“So what besides ‘Don’t eat IUDs’ should we take away from tonight?”
The Libertinis’ Nite Skool, performed at the Annex Theatre, is a hilarious, raunchy comedy show with a social conscience. Ittakes on the aesthetic of the after-school-special era of teen sitcoms, but the subjects it tackles are anything but dated. Nite Skool aims to both make you laugh and challenge widely-held beliefs perpetuated by schools, and it usually succeeds.
Nite Skool, written by Max Kirchner and the ensemble, opens with a woman realizing she is unprepared for the realities of adult life. She decides to go to Nite Skool [sic] to “fill her knowledge holes.” The show takes us through a school day (night?), using each “class” to tackle a social issue and/or tell jokes that would have definitely gotten you sent out in the hallway. Highlights include literature (from Holden Caulfield to Jodi Picoult), lunch (a dance number set to Britney Spears’ hits, after which I will never look at meat sauce the same way again), and boozy divorcee Aunt Judy’s etiquette class (“Postmodern Applications: A Gender Non-Specific Guide to Getting By and Getting Yours.”)
Nite Skool is most successful with its most comedic material, while the more educational sketches vary in quality. The night’s “substitute” (the show has a different guest speaker every night) The Moth producer Yolanda Suarez’s presentation about Cesar Chavez is engaging and informative. However, while the sketches on depression and sex ed have some educational and entertaining moments, they feel a bit like preaching to the choir, if you define “choir” as anyone who’s read a few resource masterposts on Tumblr or Buzzfeed.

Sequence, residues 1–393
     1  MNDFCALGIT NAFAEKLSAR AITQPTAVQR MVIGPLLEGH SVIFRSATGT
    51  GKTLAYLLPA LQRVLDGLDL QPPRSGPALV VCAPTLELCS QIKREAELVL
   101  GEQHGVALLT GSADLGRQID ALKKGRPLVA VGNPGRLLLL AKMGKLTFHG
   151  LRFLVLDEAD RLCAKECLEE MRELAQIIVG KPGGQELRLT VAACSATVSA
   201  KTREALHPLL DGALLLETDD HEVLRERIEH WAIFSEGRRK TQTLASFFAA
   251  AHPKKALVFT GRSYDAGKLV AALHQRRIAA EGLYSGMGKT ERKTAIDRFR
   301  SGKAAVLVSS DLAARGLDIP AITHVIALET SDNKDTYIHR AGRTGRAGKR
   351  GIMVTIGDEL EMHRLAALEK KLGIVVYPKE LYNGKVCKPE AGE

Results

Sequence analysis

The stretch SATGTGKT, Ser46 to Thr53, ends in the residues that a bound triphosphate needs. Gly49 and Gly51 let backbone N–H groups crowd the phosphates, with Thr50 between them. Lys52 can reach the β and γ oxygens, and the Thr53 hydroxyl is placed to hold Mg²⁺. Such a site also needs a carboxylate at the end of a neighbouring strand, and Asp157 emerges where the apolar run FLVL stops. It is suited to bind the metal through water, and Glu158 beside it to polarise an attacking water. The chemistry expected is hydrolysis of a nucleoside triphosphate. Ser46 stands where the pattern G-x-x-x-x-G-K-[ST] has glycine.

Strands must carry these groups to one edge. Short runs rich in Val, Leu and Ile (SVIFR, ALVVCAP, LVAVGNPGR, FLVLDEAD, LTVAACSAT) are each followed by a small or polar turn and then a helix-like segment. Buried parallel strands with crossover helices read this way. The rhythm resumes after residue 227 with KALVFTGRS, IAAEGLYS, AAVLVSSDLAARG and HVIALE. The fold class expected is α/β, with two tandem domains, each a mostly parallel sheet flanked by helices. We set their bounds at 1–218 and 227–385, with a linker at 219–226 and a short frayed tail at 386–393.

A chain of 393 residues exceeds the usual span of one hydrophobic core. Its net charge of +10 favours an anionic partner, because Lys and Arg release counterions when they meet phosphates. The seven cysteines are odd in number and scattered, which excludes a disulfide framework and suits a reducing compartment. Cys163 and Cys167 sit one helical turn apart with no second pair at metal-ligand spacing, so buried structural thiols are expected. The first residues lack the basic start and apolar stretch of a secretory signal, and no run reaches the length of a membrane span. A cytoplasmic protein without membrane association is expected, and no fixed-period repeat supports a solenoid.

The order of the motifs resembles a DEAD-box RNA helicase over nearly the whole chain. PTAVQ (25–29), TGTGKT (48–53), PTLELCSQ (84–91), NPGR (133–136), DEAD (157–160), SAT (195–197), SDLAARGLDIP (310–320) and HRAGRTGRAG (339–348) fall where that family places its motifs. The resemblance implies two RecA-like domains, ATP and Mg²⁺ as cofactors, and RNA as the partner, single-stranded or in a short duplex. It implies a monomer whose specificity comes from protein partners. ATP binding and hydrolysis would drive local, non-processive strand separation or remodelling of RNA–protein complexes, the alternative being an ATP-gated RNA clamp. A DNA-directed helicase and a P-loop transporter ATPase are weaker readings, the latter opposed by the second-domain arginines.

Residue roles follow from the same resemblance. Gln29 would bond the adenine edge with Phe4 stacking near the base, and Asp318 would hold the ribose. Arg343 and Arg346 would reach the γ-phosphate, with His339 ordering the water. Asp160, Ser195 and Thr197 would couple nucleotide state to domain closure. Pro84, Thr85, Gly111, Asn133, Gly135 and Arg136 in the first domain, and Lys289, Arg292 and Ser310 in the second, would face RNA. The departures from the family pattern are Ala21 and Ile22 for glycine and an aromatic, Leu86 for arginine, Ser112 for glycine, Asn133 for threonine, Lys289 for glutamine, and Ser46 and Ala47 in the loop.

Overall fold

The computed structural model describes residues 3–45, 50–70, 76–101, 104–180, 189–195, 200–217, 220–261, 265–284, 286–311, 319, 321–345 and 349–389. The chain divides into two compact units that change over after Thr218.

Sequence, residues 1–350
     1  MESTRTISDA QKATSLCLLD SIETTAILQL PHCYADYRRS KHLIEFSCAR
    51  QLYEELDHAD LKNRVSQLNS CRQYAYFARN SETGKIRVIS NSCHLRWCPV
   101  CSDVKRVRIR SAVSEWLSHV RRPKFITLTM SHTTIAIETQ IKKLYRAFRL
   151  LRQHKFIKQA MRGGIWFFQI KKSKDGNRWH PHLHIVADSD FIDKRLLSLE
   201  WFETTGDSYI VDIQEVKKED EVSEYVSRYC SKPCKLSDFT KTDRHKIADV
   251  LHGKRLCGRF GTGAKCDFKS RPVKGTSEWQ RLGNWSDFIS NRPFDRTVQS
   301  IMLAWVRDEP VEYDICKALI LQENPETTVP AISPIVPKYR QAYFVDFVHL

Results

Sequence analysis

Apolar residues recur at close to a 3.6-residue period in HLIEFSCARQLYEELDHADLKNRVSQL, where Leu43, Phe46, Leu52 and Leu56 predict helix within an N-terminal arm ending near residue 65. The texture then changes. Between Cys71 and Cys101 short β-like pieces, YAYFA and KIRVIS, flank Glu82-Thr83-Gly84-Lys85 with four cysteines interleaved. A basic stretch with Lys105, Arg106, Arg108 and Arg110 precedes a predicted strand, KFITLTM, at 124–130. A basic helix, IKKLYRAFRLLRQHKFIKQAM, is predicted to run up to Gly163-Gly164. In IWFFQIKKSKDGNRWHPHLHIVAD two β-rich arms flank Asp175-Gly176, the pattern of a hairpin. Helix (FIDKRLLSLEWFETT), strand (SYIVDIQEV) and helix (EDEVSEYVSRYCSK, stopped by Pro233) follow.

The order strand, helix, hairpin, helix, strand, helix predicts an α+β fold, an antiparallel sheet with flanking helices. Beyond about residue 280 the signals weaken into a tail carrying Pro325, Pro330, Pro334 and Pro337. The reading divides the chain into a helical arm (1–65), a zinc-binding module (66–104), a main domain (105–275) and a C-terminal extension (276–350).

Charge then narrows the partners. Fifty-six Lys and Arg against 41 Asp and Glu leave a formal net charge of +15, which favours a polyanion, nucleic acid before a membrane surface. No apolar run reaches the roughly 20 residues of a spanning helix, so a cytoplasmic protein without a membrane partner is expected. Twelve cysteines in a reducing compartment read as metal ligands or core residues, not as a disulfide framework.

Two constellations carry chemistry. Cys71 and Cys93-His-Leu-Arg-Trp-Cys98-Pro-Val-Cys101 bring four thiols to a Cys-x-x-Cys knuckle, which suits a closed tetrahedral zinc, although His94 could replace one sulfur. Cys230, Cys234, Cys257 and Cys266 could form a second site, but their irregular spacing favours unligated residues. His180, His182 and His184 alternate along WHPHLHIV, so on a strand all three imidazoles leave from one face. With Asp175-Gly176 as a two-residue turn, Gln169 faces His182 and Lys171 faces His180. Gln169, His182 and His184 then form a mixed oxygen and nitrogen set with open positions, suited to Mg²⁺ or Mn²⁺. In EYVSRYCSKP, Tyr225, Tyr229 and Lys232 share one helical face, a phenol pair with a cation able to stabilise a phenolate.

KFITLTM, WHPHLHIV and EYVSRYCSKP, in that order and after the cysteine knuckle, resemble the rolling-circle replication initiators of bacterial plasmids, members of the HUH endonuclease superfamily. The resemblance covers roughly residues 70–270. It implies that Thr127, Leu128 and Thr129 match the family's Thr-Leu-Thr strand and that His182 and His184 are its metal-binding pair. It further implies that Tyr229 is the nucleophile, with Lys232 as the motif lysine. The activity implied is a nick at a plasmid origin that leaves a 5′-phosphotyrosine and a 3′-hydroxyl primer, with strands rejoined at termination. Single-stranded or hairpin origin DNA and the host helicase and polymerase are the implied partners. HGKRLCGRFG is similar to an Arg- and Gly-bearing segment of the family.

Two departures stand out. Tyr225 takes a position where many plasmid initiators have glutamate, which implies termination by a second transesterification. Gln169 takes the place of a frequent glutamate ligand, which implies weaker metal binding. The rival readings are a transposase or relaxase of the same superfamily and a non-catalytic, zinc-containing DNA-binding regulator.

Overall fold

The production showcases a talented ensemble and technical team. Performers Tootsie Spangles, Hattie HellKat, Woody Shticks, Meiko Hall, Laura Dux, Gabriela Noble, Natasha Ransom, and Sophie Lowenstein all charm while they dance, sing, and deliver punchlines. The work of scenic designer Emily Sershon and costume designer Fantasia Oslund (with Spangles) gives you Saved By the Bell flashbacks in the most effective way. Shticks and Trevor Hansen’s choreography is delightful and welcome whenever it pops up throughout the piece. It’s clear that everyone involved in this production plays an important part in making this a unique and memorable show.
The Libertinis’ Nite Skool is funny, original, and definitely worth a trip to the Annex. It will make you laugh out loud, and might even challenge some of the ideas you learned in school that you never realized had alternatives.
Nite Skool created by The Libertinis with Max Kirchner and the ensemble. Annex Theatre, 1100 E Pike St, Capitol Hill, 98122. Thurs-Sat 7:30 p.m., July 28 – Aug 19. Tickets: https://web.ovationtix.com/trs/pr/970149. Info: http://www.annextheatre.org/annex-2017-season/main-stage/nite-skool/.